I started chasing his punk ass up Peachtree Road, which is what it becomes after it crosses the highway, headed up to Buckhead. There are stoplights up there and it gets a little more congested. So, he's weaving in and out of moderate traffic -- still strangely light on a Friday evening. I'm trying to be cool, because I don't really want to spook the guy into something more stupid than he's already been and get others involved where they don't deserve it.

The thing wound up with us at a stoplight, and one car between us. I leaned out to the left around that car and deliberately pointed one gloved finger right at his eyes in his outboard mirror. He leaned over to his right, fiddled around under the passenger's seat, and whipped out a pistol, which he waved at me in his center rearview mirror.

I laughed, in my helmet. "Okay," I thought, "enough. This night, you get to go home without me breaking your goddamned nose right here in front of god & everybody. But you're gonna weep when you get there and dig that dent in your new car. Asshole."

[shrug]

There's no telling what's "up with that" sort of thing.

But nobody has to take it falling down.

AxeBites

Various guitars I see floating by, mostly Gibson and mostly eBay.


Early Norlin ES-335 -- 1970, in Walnut ("ES-335TDW"). This is a period-piece look and feel, and arguably the sound as well but that's to cut things very finely. A "classic" 335 would be the original of 1958 in the Sunburst or Natural finish, or the Cherry Red of 1959; the Walnut of 1970 (second year of that finish offering) is not really a "classic" 335. In the history of the Gibson aesthetic, this is analogous to, say, vertically-striped polyester bell-bottoms or Bahama Blue shag carpeting. None of this is to say that they're not cool guitars, and this is a nice one. Excellent photographs.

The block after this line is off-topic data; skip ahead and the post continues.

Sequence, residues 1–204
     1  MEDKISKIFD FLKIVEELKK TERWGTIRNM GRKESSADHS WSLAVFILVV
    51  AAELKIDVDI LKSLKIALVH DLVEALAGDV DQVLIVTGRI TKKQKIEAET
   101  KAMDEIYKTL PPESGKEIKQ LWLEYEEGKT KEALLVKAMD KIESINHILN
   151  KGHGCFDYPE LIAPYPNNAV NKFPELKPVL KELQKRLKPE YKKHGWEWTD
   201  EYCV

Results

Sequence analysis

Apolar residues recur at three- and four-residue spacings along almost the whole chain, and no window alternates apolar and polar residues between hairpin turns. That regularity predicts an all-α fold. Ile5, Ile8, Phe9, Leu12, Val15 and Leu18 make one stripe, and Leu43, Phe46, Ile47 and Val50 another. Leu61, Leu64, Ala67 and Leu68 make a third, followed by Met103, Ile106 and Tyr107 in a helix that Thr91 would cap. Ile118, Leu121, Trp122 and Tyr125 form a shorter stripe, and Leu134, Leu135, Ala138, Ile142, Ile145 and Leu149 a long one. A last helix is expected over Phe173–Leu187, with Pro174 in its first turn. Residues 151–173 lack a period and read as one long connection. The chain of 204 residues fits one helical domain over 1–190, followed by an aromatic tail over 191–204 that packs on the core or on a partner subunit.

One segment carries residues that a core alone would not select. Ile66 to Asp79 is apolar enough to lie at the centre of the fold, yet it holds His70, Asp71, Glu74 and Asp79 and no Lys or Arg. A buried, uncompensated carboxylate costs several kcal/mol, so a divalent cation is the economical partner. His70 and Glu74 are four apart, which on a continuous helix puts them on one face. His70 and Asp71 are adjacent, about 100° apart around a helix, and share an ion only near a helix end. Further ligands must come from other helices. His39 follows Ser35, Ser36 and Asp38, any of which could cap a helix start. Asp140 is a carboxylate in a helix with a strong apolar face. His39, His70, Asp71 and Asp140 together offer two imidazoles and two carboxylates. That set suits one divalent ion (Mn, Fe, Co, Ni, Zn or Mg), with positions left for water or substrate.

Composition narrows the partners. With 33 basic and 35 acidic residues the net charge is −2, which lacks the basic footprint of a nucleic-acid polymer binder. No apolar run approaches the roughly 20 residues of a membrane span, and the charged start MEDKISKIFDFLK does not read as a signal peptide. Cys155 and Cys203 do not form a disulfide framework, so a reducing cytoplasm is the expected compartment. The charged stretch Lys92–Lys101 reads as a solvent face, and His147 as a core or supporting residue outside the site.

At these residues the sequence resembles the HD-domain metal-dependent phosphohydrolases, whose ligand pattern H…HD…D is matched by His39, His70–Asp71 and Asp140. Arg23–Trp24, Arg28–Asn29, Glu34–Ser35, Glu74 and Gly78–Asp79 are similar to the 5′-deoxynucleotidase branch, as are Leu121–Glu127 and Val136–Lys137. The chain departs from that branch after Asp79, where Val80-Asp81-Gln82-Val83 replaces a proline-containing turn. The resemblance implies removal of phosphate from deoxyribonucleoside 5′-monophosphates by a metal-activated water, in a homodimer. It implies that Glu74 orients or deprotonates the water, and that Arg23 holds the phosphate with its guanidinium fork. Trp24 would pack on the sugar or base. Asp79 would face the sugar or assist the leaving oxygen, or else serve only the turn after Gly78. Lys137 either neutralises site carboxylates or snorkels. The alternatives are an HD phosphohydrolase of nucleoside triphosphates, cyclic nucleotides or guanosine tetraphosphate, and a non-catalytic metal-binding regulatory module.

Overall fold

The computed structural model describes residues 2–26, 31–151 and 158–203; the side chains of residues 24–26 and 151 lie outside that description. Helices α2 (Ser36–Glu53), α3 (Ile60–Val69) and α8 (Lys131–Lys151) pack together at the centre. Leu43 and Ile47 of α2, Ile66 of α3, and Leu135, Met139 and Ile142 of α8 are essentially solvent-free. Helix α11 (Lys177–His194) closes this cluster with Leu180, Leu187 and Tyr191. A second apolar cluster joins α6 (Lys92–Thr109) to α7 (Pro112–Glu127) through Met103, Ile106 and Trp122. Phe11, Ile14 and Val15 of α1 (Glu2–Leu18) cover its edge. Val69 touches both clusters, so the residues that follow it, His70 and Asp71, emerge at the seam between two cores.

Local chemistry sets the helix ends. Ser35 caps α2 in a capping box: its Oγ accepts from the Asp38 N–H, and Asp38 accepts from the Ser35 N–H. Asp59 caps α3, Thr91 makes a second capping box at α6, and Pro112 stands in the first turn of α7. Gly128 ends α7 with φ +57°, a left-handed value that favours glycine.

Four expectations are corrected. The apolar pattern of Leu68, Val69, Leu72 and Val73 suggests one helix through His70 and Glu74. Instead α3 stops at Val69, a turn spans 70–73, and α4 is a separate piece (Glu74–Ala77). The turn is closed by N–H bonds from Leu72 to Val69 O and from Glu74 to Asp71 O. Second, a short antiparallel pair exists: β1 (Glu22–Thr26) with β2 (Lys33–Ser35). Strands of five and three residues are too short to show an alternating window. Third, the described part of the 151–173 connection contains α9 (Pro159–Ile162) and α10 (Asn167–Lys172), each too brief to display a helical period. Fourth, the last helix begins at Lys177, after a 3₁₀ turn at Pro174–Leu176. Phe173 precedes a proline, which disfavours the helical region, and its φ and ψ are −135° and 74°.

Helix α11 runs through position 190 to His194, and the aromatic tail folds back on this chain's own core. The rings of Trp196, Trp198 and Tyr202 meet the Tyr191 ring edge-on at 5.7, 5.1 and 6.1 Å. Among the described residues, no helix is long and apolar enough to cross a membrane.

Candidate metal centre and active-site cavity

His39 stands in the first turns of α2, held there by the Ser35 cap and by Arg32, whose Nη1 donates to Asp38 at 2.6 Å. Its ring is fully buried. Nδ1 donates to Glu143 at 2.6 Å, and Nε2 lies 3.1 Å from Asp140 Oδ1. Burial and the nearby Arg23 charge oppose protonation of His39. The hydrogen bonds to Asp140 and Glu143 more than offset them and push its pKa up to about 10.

Chrome hardware, featuring the trapeze tailpiece (like my L-47 and I've always liked it) and ABR-1 bridge with period-typical nylon saddles. Bound rosewood fretboard, with small block markers, and then the crown inlay at the machine head. These would be the T-top Humbuckers. Vintage Nazis would moan that the upper bouts are pointy (the body templates were wearing-out in the factory) and the fourteen-degree machine head with the volute signals a sometimes not-fun era of the line, but these things really do rock or moan or whatever you want a 335-type semi-hollow to do. ...which, of course, is because it really is a 335.


In the months since I've let AxeBites languish all to bleedin' hell, Gibson's Robot Guitar technology has sifted out to other models than the original Les Paul application. I don't know how it's going: I still haven't even seen one of these self-tuners. I don't see piles of them burning on the sides of the highway, nor reverent hangings in display cases over bars, so who knows? This 2008 Robot SG is ready to rock in the Metallic Red. Nickel hardware; it's the stoptail wired for data to send to the tuners, with dual Humbuckers. It's a bound rosewood fretboard, but I really like the single-bound machine head with the crown inlay. That's a real cool old-school look, right there, to set off that crazy-ass color. {nod}